• "Limiting the cost of Russian oil will put downward pressure on global energy prices in a way that dampens the impact of Putin’s war on the U.S. economy," said Treasury Secretary Janet Yellen in a statement this morning.

Zoom in: The communique language also provides some wiggle room for G7 countries to fund fossil fuel projects overseas, "except in limited circumstances... consistent with a 1.5°C warming limit."

  • It also recognizes a key role in boosting natural gas supplies as a response to the Ukraine war-related energy crisis and warns against locking in the use of such infrastructure for decades, which could render the Paris targets unachievable.
  • "We stress the important role increased deliveries of LNG can play, and acknowledge that investment in this sector is necessary in response to the current crisis," the communique states, calling it "a temporary response."

3. How Russia skirts sanctions on energy

Data: Kpler; Chart: Axios Visuals
Data: Kpler; Chart: Axios Visuals

There's a big global sale on Russian oil right now if you're able to buy — with prices at least $30 less per barrel than European Brent crude, according to some estimates. Russia is keeping a tight lid on price information, however, Axios' Emily Peck writes for the Markets newsletter.

Why it matters: Yes, the sanctions against Russia were swift and severe, but all this time Russia has been selling a whole lot of oil. The country has been able to offset a decline in oil sales to the West by increasing its sales to Asia.

  • "Energy is a huge soft spot in the sanctions regime," says Elena Chachko, a fellow at Harvard Law School who specializes in sanctions law.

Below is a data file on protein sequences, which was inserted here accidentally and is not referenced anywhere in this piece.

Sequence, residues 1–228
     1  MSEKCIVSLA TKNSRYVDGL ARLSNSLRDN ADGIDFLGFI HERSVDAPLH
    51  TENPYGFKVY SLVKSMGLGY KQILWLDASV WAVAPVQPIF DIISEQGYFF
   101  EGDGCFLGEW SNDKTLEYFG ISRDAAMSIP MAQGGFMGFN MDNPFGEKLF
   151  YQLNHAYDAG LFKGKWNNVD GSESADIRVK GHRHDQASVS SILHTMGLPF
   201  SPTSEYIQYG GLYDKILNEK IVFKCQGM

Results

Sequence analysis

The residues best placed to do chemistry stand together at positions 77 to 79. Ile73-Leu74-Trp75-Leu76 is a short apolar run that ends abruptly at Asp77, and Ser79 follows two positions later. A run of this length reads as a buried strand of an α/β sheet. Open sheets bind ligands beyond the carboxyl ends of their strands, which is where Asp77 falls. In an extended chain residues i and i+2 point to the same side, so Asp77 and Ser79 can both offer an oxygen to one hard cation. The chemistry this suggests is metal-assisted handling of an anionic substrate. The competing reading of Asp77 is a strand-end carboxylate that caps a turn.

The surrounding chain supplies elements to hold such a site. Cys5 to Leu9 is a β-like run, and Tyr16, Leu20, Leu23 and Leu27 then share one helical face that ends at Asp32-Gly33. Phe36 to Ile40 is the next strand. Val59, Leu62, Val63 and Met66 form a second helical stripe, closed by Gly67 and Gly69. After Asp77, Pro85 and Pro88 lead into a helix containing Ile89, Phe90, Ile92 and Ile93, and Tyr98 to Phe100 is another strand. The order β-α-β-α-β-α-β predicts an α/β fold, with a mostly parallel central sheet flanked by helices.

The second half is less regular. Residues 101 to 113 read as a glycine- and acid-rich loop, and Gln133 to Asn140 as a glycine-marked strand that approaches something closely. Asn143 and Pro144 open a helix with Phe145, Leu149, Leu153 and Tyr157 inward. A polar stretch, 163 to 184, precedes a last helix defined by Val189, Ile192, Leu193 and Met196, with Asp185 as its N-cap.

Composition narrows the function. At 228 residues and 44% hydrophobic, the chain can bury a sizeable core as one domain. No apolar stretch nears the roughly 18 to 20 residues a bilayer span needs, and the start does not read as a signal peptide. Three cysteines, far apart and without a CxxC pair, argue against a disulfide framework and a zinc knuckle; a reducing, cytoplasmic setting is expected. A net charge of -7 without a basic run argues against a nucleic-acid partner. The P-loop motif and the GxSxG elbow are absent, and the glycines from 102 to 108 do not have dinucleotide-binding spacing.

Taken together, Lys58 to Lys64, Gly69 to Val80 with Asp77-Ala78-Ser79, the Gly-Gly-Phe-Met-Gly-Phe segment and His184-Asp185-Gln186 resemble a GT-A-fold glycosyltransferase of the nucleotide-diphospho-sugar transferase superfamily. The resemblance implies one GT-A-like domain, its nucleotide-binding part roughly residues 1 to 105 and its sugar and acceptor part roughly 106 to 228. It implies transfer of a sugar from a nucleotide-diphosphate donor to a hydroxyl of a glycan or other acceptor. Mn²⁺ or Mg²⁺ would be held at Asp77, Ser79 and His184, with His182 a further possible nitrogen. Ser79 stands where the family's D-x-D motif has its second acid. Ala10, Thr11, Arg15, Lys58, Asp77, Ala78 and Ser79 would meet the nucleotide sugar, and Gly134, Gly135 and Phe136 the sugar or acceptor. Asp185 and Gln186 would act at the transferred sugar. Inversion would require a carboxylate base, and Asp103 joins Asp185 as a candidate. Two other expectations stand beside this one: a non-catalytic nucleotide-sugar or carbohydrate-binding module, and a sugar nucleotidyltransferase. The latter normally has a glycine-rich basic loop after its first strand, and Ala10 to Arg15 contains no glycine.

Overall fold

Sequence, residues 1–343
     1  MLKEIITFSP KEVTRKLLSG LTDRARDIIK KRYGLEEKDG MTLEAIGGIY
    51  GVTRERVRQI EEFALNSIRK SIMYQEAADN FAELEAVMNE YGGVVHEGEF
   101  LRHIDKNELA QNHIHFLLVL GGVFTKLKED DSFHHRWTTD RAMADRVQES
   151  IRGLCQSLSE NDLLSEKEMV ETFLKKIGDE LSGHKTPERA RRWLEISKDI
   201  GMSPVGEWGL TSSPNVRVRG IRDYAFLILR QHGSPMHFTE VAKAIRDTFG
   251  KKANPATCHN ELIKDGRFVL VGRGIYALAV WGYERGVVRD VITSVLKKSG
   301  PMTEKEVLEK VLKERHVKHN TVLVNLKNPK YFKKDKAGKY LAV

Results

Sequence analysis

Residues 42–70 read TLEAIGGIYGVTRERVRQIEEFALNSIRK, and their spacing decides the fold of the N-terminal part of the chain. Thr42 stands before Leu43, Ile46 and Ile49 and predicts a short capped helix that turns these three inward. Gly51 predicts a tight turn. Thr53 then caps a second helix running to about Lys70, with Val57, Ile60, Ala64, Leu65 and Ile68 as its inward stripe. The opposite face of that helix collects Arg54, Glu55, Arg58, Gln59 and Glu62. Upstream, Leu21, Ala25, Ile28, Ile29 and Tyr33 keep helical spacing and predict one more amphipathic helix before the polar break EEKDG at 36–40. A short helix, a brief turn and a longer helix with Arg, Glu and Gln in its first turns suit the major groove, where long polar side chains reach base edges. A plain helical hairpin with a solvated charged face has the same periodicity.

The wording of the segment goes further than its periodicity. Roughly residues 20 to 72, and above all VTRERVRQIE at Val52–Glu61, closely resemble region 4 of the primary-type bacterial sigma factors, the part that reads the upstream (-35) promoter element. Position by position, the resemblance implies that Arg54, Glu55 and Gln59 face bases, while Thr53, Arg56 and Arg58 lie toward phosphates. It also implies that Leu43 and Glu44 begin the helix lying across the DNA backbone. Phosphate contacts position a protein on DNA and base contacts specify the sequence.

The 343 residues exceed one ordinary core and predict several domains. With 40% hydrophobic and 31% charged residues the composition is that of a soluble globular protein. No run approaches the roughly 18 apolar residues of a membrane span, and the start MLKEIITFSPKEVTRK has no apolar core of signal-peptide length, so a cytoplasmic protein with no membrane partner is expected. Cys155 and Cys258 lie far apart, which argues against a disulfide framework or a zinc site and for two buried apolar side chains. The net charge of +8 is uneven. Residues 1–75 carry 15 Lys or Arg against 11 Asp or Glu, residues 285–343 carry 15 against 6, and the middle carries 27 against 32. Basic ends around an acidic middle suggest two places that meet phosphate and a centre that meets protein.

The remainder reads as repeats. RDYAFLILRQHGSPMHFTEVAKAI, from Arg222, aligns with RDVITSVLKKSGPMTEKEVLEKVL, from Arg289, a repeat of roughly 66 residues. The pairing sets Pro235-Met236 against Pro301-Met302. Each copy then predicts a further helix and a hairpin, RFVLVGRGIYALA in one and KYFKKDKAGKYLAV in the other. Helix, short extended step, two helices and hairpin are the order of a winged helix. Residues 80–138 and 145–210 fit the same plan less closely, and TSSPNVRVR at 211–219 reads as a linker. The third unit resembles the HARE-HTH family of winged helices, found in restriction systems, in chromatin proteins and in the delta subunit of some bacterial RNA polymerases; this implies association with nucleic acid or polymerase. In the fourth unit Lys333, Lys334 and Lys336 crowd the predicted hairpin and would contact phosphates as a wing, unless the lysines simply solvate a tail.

Details: India is importing 1.1 million barrels of Russian crude a day, according to data provided by Kpler, an analytics firm that tracks oil shipments. This time last year, the country was buying 173,000 barrels a day.

  • India effectively stopped buying crude from Nigeria, Angola, Mexico and the U.S. in favor of the cheaper Russian stuff. They haven't stopped buying from the middle east — they don't want to antagonize that region, says Viktor Katona, lead crude analyst at Kpler.
  • Meanwhile, China is importing more from Russia as well, but its demand is low as COVID-related lockdowns have resulted in a domestic stockpile.
  • The lower-priced oil is also tamping down inflation in the two countries, Katona says.

Read the whole story.

4. Methane emissions are increasing, watchdog finds

Photo illustration of a pipeline with abstract shapes.
Photo illustration: Shoshana Gordon/Axios. Photo: Ashley Cooper/Construction Photography/Avalon/Getty Images

Methane emissions are sharply increasing despite a global consensus to crack down on the powerful global warming gas, according to new data from the French methane tracking firm Kayrros, Andrew writes.

  • The new report, based on satellite data, examines some of the biggest energy-producing regions in the world, including the U.S., Iraq, Kuwait, Algeria, Iran and Turkmenistan.

Why it matters: Methane acts on much shorter timescales than carbon dioxide, and emissions cuts could reduce near-term warming. Its major sources include oil and gas drilling and infrastructure, landfills and agriculture.

  • A coalition of more than 100 nations is taking part in the voluntary Global Methane Pledge, which looks to cut methane emissions by 30% by 2030.

Zoom in: The report released yesterday found that major oil, gas and coal-producing basins, including the Permian in the U.S., have seen increases in methane emissions so far this year that exceed an uptick in energy production.

  • The report found there was a 33% increase in methane emissions from the Permian Basin between the first quarter of 2022 and the previous quarter.
  • Much of the increase comes from small, privately-owned operators, the report states. These firms tend not to publicly report their methane emissions and have not committed to reducing them, it notes.

What they're saying: “This is an alarm call for the fossil fuel industry," said Antoine Halff, co-founder and chief analyst at Kayrros, in a statement.